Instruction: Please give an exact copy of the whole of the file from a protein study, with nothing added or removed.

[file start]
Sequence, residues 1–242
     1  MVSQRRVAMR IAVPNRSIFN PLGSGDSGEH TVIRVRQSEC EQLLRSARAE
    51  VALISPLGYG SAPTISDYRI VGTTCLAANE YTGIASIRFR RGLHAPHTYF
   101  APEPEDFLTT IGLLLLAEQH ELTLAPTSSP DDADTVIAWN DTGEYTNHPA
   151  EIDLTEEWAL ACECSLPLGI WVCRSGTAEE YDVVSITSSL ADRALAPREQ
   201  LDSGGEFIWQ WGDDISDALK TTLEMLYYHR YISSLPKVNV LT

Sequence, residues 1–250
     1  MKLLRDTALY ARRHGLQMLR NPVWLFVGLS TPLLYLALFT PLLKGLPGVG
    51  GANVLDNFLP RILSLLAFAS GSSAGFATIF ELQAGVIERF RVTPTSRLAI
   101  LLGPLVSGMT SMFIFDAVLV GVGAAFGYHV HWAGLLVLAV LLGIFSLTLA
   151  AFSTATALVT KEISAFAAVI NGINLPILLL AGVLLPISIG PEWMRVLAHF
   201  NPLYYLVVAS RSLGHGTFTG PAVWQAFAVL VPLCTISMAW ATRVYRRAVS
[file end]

Sequence, residues 1–242
     1  MVSQRRVAMR IAVPNRSIFN PLGSGDSGEH TVIRVRQSEC EQLLRSARAE
    51  VALISPLGYG SAPTISDYRI VGTTCLAANE YTGIASIRFR RGLHAPHTYF
   101  APEPEDFLTT IGLLLLAEQH ELTLAPTSSP DDADTVIAWN DTGEYTNHPA
   151  EIDLTEEWAL ACECSLPLGI WVCRSGTAEE YDVVSITSSL ADRALAPREQ
   201  LDSGGEFIWQ WGDDISDALK TTLEMLYYHR YISSLPKVNV LT

Sequence, residues 1–250
     1  MKLLRDTALY ARRHGLQMLR NPVWLFVGLS TPLLYLALFT PLLKGLPGVG
    51  GANVLDNFLP RILSLLAFAS GSSAGFATIF ELQAGVIERF RVTPTSRLAI
   101  LLGPLVSGMT SMFIFDAVLV GVGAAFGYHV HWAGLLVLAV LLGIFSLTLA
   151  AFSTATALVT KEISAFAAVI NGINLPILLL AGVLLPISIG PEWMRVLAHF
   201  NPLYYLVVAS RSLGHGTFTG PAVWQAFAVL VPLCTISMAW ATRVYRRAVS